Helen in Egypt
The fabulous beauty of Helen of Troy is legendary. But some say that Helen was never in Troy, that she had been conveyed by Zeus to Egypt, and that Greeks and Trojans alike fought for an illusion. A fifty-line fragment by the poet Stesichorus of Sicily (c. 640-555 B.C.), what survives of his Pallinode, tells us almost all we know of this other Helen, and from it H. D. wove her book-length poem. Yet Helen in Egypt is not a simple retelling of the Egyptian legend but a recreation of the many myths surrounding Helen, Paris, Achilles, Theseus, and other figures of Greek tradition, fused with the mysteries of Egyptian hermeticism.
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LibraryThing ReviewUser Review - Michael.Xolotl - LibraryThing
I read somewhere that one of H.D.'s purposes in writing this was to have it serve as an answer to Pound's Cantos. It doesn't really, but it is reminiscent of the Cantos in that it has a lot of ... Read full review
Achilles Achilles waits Agamemnon altar Amen-script Amen-temple anger answer Aphrodite Argo arrow Aulis awake battle brazier Briseis brother call on Thetis caravel child Chryseis circle Clytaemnestra Command Cypris Daemon dark dead death desolate beach Dioscuri dream eidolon ember enchantment Eros eternal eyes Fate father fire flame flower forever forget Helen ghost god-father goddess Greece heart heaven Hector Hecuba Helen in Egypt Helen of Troy Helen seems hero hieroglyph host immortal Iphigenia iron-ring Isis king knew Leuke lost Love lover lure magic mast memory Menelaus mother Myrmidons mystery Nephthys never night Odysseus Oenone Orestes Pallinode Paris past phantom Philoctetes Polyxena priestess Proteus prow ramparts recall remember sail sand script Scyros sea-enchantment sea-mother Selected Poems shadow shell ships sister slain snow Sparta Star stared Stesichorus story symbol temple Theseus Thetis thought Trojan and Greek Troy turn Tyndareus veil of Cytheraea Walls Wheel Zeus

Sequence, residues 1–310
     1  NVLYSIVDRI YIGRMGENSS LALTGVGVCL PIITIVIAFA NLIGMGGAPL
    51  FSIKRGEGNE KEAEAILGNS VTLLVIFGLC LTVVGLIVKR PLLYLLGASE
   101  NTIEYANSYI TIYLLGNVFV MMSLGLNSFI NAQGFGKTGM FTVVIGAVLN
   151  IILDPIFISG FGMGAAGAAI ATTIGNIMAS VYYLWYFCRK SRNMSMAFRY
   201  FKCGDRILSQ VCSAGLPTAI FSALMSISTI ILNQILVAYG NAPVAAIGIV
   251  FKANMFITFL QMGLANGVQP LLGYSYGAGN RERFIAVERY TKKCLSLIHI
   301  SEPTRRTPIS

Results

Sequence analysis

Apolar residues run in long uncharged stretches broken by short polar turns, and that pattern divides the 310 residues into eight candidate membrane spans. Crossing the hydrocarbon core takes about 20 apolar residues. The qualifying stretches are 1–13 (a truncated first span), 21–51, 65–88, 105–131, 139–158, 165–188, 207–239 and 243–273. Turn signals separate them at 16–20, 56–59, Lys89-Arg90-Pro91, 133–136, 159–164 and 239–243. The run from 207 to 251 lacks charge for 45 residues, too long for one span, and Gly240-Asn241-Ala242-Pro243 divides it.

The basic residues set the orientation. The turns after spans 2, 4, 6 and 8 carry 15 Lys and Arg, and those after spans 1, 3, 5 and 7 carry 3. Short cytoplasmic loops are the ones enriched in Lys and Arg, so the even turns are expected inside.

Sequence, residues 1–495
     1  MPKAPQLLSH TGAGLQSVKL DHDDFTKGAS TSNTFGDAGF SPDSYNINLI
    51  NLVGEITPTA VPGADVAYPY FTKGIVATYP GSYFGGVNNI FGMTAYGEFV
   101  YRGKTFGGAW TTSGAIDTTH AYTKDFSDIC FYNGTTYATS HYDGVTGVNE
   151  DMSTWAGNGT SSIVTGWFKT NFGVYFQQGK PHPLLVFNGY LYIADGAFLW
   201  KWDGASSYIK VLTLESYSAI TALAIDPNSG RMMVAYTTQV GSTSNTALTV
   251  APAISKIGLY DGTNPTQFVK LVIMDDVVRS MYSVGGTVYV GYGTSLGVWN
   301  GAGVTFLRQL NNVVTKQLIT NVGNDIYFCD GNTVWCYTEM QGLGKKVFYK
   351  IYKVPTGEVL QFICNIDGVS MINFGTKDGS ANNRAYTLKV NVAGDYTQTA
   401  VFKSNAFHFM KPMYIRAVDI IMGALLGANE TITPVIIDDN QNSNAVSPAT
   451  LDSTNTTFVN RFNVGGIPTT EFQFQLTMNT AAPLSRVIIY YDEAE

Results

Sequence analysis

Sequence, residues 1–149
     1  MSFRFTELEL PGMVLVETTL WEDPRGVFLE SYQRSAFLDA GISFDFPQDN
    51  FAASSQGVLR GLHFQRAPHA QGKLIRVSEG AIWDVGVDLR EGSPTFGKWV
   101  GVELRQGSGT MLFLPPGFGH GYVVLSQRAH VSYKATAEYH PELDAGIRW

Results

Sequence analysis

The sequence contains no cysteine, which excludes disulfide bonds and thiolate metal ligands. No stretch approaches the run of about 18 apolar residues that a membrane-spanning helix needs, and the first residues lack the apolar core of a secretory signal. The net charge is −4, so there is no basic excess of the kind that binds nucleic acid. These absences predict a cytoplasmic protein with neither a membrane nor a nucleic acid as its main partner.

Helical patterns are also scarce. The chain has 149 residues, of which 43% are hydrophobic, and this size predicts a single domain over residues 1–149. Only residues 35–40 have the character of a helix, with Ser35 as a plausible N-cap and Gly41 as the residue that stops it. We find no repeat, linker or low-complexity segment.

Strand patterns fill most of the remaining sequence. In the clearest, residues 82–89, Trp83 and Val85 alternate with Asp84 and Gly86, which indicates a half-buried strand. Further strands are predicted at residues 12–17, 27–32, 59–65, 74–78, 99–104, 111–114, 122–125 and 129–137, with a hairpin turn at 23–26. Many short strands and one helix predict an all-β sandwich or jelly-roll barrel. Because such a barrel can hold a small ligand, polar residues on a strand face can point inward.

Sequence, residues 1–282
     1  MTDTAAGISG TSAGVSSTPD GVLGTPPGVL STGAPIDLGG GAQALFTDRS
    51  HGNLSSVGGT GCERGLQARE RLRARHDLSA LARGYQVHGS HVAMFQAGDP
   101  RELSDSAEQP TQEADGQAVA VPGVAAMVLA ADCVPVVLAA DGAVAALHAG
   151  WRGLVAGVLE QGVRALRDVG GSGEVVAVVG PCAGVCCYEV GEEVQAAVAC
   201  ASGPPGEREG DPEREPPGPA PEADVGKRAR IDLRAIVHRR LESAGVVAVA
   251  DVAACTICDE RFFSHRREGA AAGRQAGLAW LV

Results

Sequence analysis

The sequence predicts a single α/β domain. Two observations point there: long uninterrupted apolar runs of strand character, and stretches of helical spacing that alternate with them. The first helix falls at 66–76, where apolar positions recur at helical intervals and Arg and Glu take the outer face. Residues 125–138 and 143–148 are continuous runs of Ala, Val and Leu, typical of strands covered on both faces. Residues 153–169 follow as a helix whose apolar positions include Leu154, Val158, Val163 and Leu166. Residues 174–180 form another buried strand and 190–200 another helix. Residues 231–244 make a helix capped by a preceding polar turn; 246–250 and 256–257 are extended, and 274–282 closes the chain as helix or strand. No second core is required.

Page 1 - Helen was never in Troy. She had been transposed or translated from Greece into Egypt. Helen of Troy was a phantom, substituted for the real Helen, by jealous deities.
Page 11 - How did we greet each other? here in this Amen-temple, I have all-time to remember; he comes, he goes; I do not know that memory calls him, or what Spirit-master summons him to release (as God released him) the imprisoned, the lost; few were the words we said, but the words are graven on stone, minted on gold, stamped upon lead; they are coins of a treasure or the graded weights of barter and measure; "I am a woman of pleasure...
Page 6 - King of Myrmidons, unconquerable, a mountain and a grave, Achilles; few were the words we said, nor knew each other, nor asked, are you Spirit? are you sister? are you brother? are you alive? are you dead? the harpers will sing forever of how Achilles met Helen among the shades, but we were not, we are not shadows; as we walk, heel and sole leave our sandal-prints in the sand, though the wounded heel treads lightly and more lightly follow, the purple sandals.